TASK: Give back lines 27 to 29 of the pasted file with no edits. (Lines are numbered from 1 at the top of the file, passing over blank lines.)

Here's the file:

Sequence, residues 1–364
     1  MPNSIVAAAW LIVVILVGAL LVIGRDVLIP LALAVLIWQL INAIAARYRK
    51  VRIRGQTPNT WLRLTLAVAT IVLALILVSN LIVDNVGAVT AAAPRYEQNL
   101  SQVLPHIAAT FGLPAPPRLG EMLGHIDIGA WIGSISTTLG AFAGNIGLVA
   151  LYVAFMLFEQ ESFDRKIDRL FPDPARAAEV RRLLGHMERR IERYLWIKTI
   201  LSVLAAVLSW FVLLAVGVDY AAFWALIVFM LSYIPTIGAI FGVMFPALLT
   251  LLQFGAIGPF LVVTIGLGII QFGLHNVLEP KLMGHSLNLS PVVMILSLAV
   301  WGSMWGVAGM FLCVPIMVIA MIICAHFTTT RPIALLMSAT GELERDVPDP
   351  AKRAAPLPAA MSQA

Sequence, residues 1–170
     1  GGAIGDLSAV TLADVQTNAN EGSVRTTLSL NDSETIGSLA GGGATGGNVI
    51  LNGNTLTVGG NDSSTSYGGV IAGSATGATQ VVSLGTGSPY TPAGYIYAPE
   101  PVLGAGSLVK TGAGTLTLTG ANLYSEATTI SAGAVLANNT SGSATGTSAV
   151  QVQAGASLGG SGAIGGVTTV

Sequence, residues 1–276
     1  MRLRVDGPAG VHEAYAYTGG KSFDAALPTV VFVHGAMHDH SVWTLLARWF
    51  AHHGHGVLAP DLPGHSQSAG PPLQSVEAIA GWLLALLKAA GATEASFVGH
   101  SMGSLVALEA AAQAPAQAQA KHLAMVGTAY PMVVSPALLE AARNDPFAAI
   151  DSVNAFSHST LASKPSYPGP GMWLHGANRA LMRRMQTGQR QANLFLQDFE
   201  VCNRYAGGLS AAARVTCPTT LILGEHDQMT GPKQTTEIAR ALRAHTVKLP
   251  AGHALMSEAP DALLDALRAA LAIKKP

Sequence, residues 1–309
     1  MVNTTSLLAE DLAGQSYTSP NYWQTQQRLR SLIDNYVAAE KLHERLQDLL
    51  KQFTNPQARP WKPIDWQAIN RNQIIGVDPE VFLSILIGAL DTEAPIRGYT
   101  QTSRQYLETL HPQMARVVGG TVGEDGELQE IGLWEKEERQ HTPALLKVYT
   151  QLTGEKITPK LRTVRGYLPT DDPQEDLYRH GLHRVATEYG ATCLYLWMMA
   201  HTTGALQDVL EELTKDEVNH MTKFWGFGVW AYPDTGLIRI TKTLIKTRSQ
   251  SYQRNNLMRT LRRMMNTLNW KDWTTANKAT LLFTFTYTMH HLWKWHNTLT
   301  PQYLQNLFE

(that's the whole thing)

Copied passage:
   201  HTTGALQDVL EELTKDEVNH MTKFWGFGVW AYPDTGLIRI TKTLIKTRSQ
   251  SYQRNNLMRT LRRMMNTLNW KDWTTANKAT LLFTFTYTMH HLWKWHNTLT
   301  PQYLQNLFE